ODJ: Transformed by God

February 23, 2018 


Let God transform you into a new person (v.2). 

READ: Romans 12:1-2 

My grandmother was famous for her cornbread. She poured golden batter into cast iron skillets and slipped them into the oven, making all the grandkids wait and salivate until half an hour later, when she’d retrieve the piping hot cornbread. Typically, Grandma used standard circular skillets, but sometimes she’d pour the batter into a skillet shaped like the state of Texas or one with rows shaped like corn on the cob. But no matter what shape the cornbread was in, it tasted amazing!

The apostle Paul warned against a kind of shaping (or a type of moulding) that can do great harm—the shaping that comes from the “behaviour and customs of this world” (Romans 12:2). This moulding is a force that works on us from the outside, attempting to lure us into ways of living at odds with God and His kingdom.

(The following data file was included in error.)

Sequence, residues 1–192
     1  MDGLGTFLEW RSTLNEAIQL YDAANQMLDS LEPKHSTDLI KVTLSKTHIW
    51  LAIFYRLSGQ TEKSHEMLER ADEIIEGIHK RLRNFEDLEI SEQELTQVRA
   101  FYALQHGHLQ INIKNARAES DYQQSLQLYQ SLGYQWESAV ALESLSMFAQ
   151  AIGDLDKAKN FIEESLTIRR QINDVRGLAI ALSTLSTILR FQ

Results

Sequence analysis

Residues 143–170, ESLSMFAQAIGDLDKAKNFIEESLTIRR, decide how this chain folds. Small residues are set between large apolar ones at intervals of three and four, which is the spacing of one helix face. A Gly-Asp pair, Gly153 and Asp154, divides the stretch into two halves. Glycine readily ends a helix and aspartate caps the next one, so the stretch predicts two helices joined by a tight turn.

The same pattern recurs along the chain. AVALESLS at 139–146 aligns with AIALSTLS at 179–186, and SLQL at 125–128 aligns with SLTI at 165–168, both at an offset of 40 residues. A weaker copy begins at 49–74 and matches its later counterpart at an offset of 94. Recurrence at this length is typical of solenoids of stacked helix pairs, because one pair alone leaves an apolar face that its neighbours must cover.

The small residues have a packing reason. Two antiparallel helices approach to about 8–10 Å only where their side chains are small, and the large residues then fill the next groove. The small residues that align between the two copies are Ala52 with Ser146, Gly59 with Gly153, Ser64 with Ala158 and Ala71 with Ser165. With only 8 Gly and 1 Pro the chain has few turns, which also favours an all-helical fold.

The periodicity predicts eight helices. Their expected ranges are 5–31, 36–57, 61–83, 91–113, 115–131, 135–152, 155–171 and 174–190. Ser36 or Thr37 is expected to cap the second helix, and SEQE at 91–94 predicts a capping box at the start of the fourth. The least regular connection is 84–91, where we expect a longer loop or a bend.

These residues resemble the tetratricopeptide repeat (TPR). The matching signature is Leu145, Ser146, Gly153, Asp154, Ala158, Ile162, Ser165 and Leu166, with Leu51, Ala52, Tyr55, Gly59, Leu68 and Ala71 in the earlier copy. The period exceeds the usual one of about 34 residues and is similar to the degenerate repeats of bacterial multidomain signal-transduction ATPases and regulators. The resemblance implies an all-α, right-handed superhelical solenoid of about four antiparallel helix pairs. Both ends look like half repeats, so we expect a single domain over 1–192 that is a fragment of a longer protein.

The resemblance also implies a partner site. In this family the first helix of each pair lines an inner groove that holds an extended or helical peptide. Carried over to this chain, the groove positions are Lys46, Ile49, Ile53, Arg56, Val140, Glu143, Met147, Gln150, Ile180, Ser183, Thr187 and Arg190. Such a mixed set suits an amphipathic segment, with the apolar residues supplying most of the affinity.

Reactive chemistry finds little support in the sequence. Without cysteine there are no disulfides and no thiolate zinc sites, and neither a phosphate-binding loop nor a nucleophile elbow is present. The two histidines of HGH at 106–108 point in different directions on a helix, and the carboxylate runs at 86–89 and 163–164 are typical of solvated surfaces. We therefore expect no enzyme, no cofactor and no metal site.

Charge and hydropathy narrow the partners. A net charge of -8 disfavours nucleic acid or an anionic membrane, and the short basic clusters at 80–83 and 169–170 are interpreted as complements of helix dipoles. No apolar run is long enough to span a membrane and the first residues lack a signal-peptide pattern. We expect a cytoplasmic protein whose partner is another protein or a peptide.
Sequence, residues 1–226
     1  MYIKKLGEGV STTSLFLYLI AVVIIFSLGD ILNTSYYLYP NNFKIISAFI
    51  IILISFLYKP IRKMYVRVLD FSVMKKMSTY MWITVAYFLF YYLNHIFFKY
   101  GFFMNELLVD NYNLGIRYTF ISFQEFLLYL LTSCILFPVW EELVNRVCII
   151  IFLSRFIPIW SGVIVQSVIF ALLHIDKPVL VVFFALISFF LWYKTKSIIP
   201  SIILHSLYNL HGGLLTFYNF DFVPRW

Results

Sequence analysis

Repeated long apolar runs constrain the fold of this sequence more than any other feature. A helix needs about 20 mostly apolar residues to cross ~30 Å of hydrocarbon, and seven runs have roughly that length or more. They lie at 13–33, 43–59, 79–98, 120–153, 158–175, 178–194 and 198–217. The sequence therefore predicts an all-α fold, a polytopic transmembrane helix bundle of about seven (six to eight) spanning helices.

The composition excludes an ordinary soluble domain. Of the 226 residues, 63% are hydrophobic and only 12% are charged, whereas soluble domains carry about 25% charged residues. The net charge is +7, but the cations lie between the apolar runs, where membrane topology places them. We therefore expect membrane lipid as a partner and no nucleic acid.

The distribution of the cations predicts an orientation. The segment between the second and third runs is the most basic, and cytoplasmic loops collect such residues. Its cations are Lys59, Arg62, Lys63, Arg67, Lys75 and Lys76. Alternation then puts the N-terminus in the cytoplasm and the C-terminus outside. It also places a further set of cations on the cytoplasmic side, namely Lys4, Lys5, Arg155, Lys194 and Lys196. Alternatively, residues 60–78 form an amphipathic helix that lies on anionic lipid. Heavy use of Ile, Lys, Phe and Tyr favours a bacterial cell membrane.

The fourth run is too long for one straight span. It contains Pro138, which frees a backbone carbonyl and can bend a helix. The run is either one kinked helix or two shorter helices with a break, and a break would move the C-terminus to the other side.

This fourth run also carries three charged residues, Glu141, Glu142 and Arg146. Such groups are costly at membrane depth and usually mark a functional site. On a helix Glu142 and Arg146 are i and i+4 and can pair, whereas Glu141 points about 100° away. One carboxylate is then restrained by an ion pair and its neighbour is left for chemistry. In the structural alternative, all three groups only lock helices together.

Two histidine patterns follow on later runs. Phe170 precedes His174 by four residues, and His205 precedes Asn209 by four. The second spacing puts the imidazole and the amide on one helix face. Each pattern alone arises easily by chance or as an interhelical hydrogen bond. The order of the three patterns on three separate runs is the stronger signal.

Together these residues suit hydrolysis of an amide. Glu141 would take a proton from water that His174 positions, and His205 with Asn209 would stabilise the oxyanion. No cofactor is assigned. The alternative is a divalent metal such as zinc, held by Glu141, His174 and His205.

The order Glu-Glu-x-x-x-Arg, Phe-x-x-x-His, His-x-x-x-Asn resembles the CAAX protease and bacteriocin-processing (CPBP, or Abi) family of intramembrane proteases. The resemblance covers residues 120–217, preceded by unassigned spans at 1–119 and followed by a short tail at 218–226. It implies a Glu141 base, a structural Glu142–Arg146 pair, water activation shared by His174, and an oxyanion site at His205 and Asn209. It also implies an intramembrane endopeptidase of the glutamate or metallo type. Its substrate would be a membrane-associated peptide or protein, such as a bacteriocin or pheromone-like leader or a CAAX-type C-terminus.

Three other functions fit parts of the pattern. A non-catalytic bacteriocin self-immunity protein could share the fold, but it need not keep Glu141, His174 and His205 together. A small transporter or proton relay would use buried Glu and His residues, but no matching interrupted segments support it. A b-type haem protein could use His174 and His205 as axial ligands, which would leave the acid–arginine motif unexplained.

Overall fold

In opposition to this, Paul encourages us to “let God transform [us] into a new person by changing the way [we] think” (v.2). The word transform reminds us that, in contrast to the external shaping of the world, through His Spirit, God transforms and recreates us from the inside out. In other words, God doesn’t merely pour the same batter into a new mould. Instead, He also changes the batter. God makes us a truly new person, able to resist the world’s mould and become like Him.

The system of the world isn’t merely an alternative lifestyle choice. It’s a way of living at odds with the God who would make us new—the God who would make us like Jesus. But as we allow God to recreate us into new people, we will begin to learn “God’s will” (v.2). We will begin to comprehend God’s mind and heart, and start to see ourselves and our world as He does. And in this way, we will find true freedom.

—Winn Collier

365-day plan: Deuteronomy 29:1-29

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Read Ezekiel 36:26and reflect on how God has made it possible for our hearts to be transformed. 
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How is the world trying to push or shape you into its mould? How does God’s work of transformation offer you a different way of living? 

ODJ: In His Presence

February 22, 2018